The Woman in the FifthCultureCinemaMovie reviews
With two BAFTAs in his basket – one as a Most Promising Newcomer for his debut theatrical feature Last Resort (2000), followed by an Outsdanding British Film of the Year award for My Summer of Love (2004), which has instantly made its way straight into film studies curriculum across the country – Pawel Pawlikowski is definitely a director worth keeping an eye on. This winter, a Polish émigré with a documentary background is finally presenting to us his fourth feature: The Woman in the Fifth.
Ethan Hawke, Academy Award nominee as both actor and screenwriter, plays a not-so-unfamiliar role of a schizophrenic writer in a crisis named Tom, who travels to Paris to look for clues to his past. Trying to reconnect with his six-year-old daughter Chloe and estranged ex-wife, Tom looks for clue to his own identity, hidden somewhere in the pages of the only book he ever wrote, and that he has long since forgot.
When things don’t go according to plan, Tom ends up in a shady hotel in the suburbs, having to work as a night guard to make ends meet.
Who is this man, wandering the grey streets of Paris? Paris, paradoxically a city of romance and inspiration, serves as Tom’s mindset offering bleak, and washed-out streets, as empty as he is.
What is he trying to get back to? Is he trying to remember who he was? Was he ever anyone? Unfamiliar with everything that surrounds him, it seems that Tom knows not much more than we do, looking puzzled in every close-up, almost as if feeling sorry for being unable to justify all this screen time given for someone who has no story to tell. However, as passive as he is, stories still find him along the way – an affair with the charismatic retired muse Margarit, played by the award winning Kristin Scott Thomas, and a young Polish waitress Ania (Joanna Kulig).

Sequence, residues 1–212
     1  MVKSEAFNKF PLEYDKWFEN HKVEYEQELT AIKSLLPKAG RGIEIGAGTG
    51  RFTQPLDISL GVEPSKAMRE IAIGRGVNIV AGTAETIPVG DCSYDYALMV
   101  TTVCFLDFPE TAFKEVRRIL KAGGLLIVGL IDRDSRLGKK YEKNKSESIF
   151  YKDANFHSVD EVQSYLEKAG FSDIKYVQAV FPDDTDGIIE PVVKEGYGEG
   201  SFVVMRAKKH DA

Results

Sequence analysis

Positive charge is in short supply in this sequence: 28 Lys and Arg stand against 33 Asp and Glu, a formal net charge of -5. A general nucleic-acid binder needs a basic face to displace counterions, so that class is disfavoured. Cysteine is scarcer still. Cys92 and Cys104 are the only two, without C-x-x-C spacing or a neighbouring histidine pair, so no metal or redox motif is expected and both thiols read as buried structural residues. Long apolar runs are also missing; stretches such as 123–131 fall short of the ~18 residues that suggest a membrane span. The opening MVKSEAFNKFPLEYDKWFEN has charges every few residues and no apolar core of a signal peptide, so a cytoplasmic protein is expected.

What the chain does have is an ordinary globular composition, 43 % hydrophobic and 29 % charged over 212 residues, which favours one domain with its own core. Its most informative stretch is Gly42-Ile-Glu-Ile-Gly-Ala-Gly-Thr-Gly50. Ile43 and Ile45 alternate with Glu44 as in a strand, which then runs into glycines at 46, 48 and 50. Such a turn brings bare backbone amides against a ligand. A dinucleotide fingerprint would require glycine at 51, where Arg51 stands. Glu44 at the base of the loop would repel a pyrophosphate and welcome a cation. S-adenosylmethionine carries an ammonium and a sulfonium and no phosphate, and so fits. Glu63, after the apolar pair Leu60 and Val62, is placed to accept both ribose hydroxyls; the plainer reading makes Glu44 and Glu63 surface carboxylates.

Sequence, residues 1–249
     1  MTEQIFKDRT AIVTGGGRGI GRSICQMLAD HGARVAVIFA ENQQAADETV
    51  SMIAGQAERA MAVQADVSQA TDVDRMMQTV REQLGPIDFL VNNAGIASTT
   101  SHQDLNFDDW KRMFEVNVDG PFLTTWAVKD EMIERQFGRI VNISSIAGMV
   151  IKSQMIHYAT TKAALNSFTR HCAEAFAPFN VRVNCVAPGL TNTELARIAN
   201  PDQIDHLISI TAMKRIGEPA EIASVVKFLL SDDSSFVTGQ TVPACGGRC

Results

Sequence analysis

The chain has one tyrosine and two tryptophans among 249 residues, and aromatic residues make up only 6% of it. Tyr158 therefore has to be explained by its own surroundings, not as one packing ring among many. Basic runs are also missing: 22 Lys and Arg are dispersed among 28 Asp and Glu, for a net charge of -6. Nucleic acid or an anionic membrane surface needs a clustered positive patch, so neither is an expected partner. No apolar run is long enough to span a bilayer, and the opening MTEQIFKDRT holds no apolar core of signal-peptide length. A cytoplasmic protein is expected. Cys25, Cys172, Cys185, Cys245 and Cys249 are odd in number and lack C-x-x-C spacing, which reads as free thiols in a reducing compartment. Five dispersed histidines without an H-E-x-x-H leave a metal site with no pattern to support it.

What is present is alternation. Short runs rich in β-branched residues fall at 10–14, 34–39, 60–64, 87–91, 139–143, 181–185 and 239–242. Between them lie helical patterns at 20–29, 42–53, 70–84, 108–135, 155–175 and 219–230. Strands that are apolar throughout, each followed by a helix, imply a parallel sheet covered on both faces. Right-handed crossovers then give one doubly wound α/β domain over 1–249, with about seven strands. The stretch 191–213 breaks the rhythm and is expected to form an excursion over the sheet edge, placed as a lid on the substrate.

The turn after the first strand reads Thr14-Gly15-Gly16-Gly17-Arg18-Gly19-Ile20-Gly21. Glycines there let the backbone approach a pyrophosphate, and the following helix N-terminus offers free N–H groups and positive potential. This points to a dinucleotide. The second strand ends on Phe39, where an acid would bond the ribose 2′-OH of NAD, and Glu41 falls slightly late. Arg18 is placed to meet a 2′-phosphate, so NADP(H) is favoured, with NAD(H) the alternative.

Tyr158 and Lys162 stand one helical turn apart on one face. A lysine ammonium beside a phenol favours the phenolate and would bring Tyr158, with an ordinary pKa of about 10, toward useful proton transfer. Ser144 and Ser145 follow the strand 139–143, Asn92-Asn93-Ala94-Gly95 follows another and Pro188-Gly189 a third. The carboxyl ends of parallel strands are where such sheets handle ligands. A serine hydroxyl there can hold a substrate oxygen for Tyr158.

Both of them are in love with the idea of Tom being an artist – teasing out his vulnerabilities and poking at the soft spots of his psyche is what gets them hot. Yet Tom has nothing to give, say or promise for women who adore his texts, since the only thing he can now write is apologetic letters to his daughter, who is too young to care and understand.
Somewhere in-between Michael Fassbender in Shame (2011) and Stephen Dorff in Somewhere (2010), Ethan Hawke’s character is a postmodern man in crisis – mute and lost, a stranger to his own life, surrounded by circumstances that he seems not able to control. His raybans, hiding a mix of perpetual discomfort with a hint of romantic idealism and a certain sadness, turn out to be the only true thing about him.
Although based on the novel by Douglas Kennedy, The Woman in the Fifth is a very personal work for Pawlikowski, who has a liberal attitude to adapting books for screen. This film, as well as My Summer of Love completely justifies his attitude – the film works, as a surreal psychological drama with a hint of horror and suspense. It is by far not the best choice for light-hearted evening entertainment but will definitely satisfy all the searchers, for whom watching questions unfolding onscreen is always more pleasurable than getting the answers.
Watch the trailer of The Woman in the Fifth here